Epic Upgrades Their Engine So Paragon Can Run At 60 FPS

Epic Games has pushed out a major upgrade to their flagship Unreal Engine 4 today. But what's interesting is the motivation behind the upgrade, with the company saying it was necessary to ensure their upcoming MOBA, Paragon, could run at a stable 60fps on PC and PS4.

The announcement was made via a lengthy blog post this morning, and those that have downloaded the Epic Launcher will be able to install UE4 4.11 now. But while there is a laundry list of benefits for developers and the games using UE4, the one game that gets the most billing is Epic's own MOBA, Paragon.

According to the post, the technical demands of Paragon — 10 animating heroes and over 120 minions on the screen at once, along with all of the effects and textures — were so great that Epic had to further optimise their engine. "A major effort for us over the last several months has been optimizing UE4 in order to get our next game, Paragon, running at 60fps on PC and PlayStation 4."

The post doesn't say what the difference in graphics quality between the PC and PS4 builds is like, although we'll find out more when Paragon's open beta launches on both platforms later this year.

Epic's also improved shaders for skin, models and eyes that should take games even closer and closer to photorealistic graphics. Have a look at the slightly bloodshot whites of the eyes.

And the pores and uneven skin tone is getting pretty damn good too:

The list of all the additions and optimisations is immense; it's far, far too long to reproduce here, so hop on over to Epic's website.

But I'll leave you with one last note that's worth paying attention to. Buried a fair way down in the post is the news that Microsoft has enabled experimental DirectX 12 support for Xbox One, and devs working with UE4 can enable support for this by changing bBuildForD3D12 to true in the BaseEngine.ini file. Here's the rest of the steps:

Set bBuildForD3D12 to true in the XboxOneRuntimeSettings section of BaseEngine.ini   Set D3D12_ROOT_SIGNATURE to 1 in XboxOneShaderCompiler.cpp   Comment out the use of GetSamplePosition in PostProcessSelectionOutline.usf (not supported on Xbox One yet)   Rebuild and restart!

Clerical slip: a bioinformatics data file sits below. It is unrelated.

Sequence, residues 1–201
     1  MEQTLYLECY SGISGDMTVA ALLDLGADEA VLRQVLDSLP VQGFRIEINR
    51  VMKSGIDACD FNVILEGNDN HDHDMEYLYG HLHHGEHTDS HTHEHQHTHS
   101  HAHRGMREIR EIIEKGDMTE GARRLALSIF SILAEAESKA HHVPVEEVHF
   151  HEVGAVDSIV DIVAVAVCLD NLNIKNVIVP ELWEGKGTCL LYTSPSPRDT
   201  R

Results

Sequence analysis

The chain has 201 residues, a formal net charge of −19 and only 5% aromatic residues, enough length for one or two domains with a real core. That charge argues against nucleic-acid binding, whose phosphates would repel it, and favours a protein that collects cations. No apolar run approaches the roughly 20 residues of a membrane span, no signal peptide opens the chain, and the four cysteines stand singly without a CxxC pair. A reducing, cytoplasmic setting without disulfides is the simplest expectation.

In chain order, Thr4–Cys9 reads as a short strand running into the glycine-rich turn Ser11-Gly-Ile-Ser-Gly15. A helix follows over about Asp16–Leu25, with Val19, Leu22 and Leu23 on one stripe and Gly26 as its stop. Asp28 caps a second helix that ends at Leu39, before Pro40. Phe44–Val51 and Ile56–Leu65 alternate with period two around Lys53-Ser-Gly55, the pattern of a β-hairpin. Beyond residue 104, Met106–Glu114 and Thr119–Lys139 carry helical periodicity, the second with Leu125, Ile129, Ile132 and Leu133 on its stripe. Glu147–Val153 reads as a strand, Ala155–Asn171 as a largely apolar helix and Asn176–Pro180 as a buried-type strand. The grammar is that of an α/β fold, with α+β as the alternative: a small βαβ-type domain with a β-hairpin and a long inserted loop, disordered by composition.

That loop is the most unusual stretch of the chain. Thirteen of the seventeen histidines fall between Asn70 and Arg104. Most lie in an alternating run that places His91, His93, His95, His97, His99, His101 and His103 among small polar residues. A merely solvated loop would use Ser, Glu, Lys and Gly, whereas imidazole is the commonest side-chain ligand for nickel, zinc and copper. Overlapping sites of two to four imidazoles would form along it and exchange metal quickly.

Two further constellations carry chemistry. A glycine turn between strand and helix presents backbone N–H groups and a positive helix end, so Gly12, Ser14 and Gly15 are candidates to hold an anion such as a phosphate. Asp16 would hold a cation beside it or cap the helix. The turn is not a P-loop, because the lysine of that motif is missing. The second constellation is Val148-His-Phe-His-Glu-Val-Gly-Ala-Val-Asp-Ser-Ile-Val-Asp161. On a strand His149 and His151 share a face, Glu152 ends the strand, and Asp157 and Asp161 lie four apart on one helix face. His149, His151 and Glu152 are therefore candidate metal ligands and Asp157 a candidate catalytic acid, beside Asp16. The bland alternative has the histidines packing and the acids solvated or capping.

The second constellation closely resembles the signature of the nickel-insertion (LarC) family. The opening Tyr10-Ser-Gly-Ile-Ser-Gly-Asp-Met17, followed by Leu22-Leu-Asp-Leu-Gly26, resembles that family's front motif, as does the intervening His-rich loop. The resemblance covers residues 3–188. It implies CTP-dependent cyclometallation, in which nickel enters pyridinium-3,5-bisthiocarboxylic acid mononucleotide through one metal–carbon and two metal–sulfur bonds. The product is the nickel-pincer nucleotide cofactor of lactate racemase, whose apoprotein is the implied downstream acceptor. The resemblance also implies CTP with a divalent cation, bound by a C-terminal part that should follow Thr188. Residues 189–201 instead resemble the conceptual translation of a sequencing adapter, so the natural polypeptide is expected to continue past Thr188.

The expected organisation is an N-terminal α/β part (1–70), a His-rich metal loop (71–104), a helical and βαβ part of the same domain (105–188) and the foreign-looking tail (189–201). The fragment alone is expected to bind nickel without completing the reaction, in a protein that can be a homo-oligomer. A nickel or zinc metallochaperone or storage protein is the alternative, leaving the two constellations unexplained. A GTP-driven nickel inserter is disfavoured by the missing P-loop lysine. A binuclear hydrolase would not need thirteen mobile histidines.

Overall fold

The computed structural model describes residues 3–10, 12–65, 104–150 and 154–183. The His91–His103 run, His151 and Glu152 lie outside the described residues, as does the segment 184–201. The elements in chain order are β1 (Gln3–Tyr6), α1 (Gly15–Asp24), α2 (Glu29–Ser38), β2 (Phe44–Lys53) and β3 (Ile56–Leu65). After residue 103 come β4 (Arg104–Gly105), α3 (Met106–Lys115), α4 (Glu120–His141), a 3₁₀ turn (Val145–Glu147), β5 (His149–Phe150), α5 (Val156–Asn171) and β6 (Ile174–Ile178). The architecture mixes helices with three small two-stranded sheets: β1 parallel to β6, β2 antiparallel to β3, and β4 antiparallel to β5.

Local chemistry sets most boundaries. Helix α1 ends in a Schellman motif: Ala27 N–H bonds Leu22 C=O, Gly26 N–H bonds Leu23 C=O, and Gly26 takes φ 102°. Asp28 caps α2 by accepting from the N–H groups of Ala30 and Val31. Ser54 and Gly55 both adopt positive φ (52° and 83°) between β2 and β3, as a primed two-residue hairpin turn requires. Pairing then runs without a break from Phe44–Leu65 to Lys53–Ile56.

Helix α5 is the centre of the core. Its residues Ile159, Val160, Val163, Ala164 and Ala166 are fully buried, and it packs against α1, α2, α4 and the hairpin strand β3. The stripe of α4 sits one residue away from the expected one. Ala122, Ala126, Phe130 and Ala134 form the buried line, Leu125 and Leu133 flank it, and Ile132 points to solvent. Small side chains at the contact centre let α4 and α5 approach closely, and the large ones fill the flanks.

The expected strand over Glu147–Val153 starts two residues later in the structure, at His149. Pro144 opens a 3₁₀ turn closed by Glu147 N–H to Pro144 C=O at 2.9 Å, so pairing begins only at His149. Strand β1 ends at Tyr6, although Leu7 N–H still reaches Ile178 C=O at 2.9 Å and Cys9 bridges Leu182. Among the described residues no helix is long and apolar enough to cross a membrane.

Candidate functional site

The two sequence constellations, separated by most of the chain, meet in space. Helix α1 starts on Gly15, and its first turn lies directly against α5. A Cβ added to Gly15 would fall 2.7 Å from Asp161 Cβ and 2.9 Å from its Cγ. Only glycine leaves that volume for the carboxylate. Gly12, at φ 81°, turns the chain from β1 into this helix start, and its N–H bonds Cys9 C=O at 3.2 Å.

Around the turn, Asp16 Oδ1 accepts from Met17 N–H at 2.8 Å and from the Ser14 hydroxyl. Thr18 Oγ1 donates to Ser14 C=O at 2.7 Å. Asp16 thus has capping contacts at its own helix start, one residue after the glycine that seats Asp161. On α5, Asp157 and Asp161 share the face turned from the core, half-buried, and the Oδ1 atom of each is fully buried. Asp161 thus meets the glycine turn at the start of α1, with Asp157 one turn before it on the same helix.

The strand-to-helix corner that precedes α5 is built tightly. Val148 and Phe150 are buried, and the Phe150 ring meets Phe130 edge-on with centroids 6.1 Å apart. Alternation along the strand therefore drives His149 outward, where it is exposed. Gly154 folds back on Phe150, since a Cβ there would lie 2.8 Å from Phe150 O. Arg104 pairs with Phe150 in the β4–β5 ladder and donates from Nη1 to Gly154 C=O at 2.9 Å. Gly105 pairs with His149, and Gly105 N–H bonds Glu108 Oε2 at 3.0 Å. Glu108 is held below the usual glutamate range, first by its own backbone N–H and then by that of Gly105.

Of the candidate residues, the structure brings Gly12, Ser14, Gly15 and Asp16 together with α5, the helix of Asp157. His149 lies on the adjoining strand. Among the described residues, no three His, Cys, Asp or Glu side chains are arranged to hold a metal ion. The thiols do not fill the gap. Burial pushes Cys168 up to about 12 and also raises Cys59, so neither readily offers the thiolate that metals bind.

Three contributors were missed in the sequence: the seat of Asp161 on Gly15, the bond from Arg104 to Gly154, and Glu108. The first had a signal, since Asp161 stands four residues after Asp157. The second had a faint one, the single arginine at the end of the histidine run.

It's odd that they're not making more of a thing about it, but perhaps the support is just a little too experimental at this stage. It'll be fun to see what benefits come out of it, though.


Comments

    Back in my day....

    The Amiga and C64 et al were all very similar configurations. You couldn't just get "more" or bigger" hardware, so the code was optimised to use the power the most effective way possible. It saddens me that now things are coded with the mindset that people can just get better hardware. Games are released with such poor optimisation that they will hardly even run on the most beastly of rigs. More people should follow suit, and realise that optimisation of current code can net incredible results, instead of letting the "work" lie on the hardware.

    I'm happy to see that Epic moved forward, however I would have been happier to see it without it "being neccessary" for consoles.

      Well yeah, faster hardware make money, while optimization costs time and money.

      I mean, imagine if all the newest AAA games were written in assembly.

    it’s far, far too long to reproduce here, so hop on over to Epic’s website.
    Your not bloody wrong, I was wondering why the page took so long to load.
    my scroll finger hurts

    we will ser more bugs, if games are written in such low level languages.
    OpenSSL is a great example, how most widely used library written by C , and simple mistake has lead to massive security failure.
    if you want to pay 200 per game and wait over few tears for each then no problem, but when games costs millions to develop and release faster, not sure asking for code optimisation by writting in assembly is.... just insane.

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